A public event to mark the Reserve’s designation is planned for this spring. Additional details will be posted on the research Reserve website at noaa.gov.

National Estuarine Research Reserve System—now serving communities across 24 coastal states and Puerto Rico. 

Want more Reserve stories delivered to your inbox? Subscribe to our newsletter.

Recipe Challenge: Salish Salmon

Recipe Challenge: Salish Salmon

We asked for your best estuary-sourced recipes, and Dennis Parent—retired commercial fisherman and volunteer with the Padilla Bay Foundation—delivered. His recipe for grilled Chinook salmon had our mouths watering and our spirits thinking about a trip to the wide wonderful waters of Washington State.

The Chinook (King) Salmon is native to Skagit River. On their way through the estuary as they head to the sea, young salmon use the vast eelgrass meadows of Padilla Bay as a refuge from predators and to fill their bellies before heading out to the deeper waters of the Strait of Juan de Fuca and the Pacific Ocean. Across the Salish Sea, eelgrass meadows serve as an important juvenile salmon nursery and are an important estuarine habitat for the health and recovery of Pacific Northwest salmonids.

Purple shore crab and numerous Japanese mud snails amidst the eelgrass of Padilla Bay at low tide.

Dennis’ recipe is a hybrid, influenced by original coastal peoples, ethnic cannery workers, and a long tradition of commercial fishers from Puget Sound and Alaska. This recipe is best with wild Pacific salmon—preferably a fresh fillet of Chinook—as the unique flavor comes from the rich North Pacific ocean. But do your best with whatever sustainable salmon you can get your mitts on.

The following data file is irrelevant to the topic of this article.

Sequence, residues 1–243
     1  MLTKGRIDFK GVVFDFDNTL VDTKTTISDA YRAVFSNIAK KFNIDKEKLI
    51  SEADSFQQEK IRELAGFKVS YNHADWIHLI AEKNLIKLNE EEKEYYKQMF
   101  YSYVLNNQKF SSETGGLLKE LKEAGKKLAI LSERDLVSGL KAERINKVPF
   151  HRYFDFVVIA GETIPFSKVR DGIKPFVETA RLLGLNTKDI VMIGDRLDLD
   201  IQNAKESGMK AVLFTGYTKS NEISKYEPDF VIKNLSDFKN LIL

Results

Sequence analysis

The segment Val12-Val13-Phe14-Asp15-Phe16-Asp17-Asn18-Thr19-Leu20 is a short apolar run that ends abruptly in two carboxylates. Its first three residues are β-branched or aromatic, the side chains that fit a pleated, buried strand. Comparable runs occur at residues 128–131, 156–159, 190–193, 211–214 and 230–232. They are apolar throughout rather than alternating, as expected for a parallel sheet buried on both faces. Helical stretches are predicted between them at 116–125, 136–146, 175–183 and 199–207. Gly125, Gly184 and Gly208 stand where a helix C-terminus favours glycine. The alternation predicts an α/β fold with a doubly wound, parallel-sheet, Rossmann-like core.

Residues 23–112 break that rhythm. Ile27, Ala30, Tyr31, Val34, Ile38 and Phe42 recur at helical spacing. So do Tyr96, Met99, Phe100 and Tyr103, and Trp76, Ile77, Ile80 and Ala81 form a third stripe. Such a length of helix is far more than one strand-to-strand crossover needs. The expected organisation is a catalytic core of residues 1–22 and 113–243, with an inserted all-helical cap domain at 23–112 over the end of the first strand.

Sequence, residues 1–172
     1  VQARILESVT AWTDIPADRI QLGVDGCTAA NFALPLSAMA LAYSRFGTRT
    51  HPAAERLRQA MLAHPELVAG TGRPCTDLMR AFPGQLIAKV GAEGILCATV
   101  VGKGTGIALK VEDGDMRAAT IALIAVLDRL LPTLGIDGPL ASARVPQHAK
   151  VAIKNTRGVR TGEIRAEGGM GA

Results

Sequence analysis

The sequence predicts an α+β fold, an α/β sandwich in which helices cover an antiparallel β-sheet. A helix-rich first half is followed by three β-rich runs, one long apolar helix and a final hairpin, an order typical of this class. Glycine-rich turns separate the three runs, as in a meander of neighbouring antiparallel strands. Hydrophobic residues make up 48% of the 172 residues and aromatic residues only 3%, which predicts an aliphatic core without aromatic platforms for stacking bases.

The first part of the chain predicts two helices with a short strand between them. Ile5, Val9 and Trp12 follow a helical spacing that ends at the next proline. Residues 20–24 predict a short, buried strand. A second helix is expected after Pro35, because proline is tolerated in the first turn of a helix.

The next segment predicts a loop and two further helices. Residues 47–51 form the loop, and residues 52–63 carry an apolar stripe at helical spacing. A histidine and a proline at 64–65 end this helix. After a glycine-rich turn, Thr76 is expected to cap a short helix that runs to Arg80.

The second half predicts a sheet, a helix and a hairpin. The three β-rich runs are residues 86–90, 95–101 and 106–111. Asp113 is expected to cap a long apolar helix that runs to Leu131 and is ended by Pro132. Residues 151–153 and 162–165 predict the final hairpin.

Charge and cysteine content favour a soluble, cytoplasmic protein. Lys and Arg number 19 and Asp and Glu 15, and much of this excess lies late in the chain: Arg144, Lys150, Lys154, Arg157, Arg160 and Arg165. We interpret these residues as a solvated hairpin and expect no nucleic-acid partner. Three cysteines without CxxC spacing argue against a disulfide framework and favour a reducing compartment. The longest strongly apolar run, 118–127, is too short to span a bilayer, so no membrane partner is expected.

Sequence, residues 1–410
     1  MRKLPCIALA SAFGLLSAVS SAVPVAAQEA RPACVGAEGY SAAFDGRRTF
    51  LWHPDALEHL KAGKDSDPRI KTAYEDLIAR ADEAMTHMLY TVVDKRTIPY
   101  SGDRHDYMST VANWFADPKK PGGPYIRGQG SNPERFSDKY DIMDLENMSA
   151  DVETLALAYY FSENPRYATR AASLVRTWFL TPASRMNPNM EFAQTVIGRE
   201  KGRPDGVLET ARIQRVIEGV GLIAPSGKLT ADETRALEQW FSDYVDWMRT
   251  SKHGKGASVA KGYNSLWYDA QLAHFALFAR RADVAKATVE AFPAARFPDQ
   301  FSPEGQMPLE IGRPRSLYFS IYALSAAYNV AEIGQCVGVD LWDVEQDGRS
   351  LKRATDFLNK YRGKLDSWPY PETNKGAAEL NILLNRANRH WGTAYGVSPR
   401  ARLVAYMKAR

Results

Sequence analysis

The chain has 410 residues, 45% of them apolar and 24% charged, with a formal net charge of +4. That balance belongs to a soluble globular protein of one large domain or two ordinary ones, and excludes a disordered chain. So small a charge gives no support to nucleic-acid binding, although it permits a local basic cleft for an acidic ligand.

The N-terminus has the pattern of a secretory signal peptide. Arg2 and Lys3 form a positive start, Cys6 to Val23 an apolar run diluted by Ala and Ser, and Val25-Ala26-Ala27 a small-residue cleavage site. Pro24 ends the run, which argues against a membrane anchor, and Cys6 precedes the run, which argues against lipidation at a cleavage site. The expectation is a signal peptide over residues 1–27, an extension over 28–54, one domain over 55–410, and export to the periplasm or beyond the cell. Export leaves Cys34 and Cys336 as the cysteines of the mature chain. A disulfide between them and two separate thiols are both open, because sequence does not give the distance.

• 1 Fillet or portion of fresh wild Chinook salmon, about 1 inch thick


  • 1 cup soy sauce
  • 1/4 cup olive oil
  • 1/2 tsp garlic powder
  • 1/8 tsp red cayenne pepper
  • 2 tbsp honey
  • 2 tbsp lime juice
  • 1 cedar plank, about 1/4 inch thick and large enough to hold the fish


  1. Place fish in a close fitting container with sides.
  2. Pour enough marinade to soak fish, skin up for one hour, just prior to grilling. Move the fish as needed to ensure an even soak.
  3. Simultaneously, immerse the plank in fresh water for one hour.
  4. Preheat the grill to 400 degrees on high, then turn to medium heat. Keep the grill closed as much as possible from now on, and keep the temperature at 375-400F.
  5. Coat grill with BBQ spray.
  6. Place cedar plank on one half of the grill—the plank will infuse a smoky cedar finish. 
  7. Grill salmon face down on the rest of the grill for one minute.
  8. Carefully rotate salmon 90 degrees and grill facedown for one additional minute, to achieve grill marks.